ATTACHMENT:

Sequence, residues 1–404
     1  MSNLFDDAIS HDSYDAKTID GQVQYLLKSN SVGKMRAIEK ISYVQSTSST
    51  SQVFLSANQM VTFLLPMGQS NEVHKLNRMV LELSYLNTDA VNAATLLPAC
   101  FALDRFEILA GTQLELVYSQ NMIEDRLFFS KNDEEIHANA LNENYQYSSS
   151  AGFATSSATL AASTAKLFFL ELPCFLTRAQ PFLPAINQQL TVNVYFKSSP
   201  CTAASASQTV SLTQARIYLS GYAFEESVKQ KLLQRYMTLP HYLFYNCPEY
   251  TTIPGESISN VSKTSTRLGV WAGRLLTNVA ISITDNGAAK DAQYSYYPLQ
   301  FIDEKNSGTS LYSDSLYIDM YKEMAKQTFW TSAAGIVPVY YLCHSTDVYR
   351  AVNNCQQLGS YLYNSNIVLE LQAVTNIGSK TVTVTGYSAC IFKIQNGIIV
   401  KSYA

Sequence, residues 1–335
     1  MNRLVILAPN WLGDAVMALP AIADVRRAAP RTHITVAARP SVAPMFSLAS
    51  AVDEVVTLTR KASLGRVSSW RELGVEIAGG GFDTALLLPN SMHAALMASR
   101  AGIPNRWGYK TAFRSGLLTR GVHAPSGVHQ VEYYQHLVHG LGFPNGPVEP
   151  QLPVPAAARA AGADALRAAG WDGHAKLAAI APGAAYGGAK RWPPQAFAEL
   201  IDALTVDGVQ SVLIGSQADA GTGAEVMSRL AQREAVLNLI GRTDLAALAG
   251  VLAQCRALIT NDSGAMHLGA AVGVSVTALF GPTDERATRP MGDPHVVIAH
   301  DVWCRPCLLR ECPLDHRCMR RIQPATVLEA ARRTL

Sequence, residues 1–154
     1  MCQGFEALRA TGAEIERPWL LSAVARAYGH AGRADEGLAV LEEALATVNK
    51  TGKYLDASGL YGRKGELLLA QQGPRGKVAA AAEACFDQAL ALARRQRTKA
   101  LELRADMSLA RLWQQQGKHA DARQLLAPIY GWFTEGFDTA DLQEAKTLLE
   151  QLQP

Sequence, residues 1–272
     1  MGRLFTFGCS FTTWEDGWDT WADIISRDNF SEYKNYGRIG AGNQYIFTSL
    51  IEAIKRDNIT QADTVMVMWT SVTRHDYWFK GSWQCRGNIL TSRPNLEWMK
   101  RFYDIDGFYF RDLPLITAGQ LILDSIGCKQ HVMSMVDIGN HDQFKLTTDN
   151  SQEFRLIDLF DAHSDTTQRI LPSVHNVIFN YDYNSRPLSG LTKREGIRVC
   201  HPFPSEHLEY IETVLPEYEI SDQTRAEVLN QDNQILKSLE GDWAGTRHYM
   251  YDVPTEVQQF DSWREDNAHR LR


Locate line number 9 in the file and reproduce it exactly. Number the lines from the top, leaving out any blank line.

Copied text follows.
   351  AVNNCQQLGS YLYNSNIVLE LQAVTNIGSK TVTVTGYSAC IFKIQNGIIV